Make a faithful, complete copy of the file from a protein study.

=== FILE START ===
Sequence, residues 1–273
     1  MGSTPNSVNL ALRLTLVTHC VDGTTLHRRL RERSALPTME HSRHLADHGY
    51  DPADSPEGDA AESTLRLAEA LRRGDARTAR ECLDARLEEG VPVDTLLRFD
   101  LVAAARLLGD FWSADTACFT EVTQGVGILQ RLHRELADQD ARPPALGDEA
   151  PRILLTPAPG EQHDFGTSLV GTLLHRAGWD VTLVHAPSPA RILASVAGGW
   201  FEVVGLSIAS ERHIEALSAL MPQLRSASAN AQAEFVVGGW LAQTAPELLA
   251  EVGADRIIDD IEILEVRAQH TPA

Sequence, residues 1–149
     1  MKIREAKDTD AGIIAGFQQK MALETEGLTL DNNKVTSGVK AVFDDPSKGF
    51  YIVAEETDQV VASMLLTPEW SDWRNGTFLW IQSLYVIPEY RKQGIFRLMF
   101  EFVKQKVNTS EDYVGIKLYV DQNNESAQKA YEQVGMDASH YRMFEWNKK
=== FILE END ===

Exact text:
Sequence, residues 1–273
     1  MGSTPNSVNL ALRLTLVTHC VDGTTLHRRL RERSALPTME HSRHLADHGY
    51  DPADSPEGDA AESTLRLAEA LRRGDARTAR ECLDARLEEG VPVDTLLRFD
   101  LVAAARLLGD FWSADTACFT EVTQGVGILQ RLHRELADQD ARPPALGDEA
   151  PRILLTPAPG EQHDFGTSLV GTLLHRAGWD VTLVHAPSPA RILASVAGGW
   201  FEVVGLSIAS ERHIEALSAL MPQLRSASAN AQAEFVVGGW LAQTAPELLA
   251  EVGADRIIDD IEILEVRAQH TPA

Sequence, residues 1–149
     1  MKIREAKDTD AGIIAGFQQK MALETEGLTL DNNKVTSGVK AVFDDPSKGF
    51  YIVAEETDQV VASMLLTPEW SDWRNGTFLW IQSLYVIPEY RKQGIFRLMF
   101  EFVKQKVNTS EDYVGIKLYV DQNNESAQKA YEQVGMDASH YRMFEWNKK